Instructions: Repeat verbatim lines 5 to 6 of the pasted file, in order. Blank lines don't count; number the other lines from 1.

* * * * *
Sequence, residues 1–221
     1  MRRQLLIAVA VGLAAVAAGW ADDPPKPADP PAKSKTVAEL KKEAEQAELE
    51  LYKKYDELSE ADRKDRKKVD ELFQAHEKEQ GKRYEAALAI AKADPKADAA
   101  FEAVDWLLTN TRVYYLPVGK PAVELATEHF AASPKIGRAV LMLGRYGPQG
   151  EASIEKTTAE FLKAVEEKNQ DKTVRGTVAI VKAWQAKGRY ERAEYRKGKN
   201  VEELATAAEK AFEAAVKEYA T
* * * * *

   151  EASIEKTTAE FLKAVEEKNQ DKTVRGTVAI VKAWQAKGRY ERAEYRKGKN
   201  VEELATAAEK AFEAAVKEYA T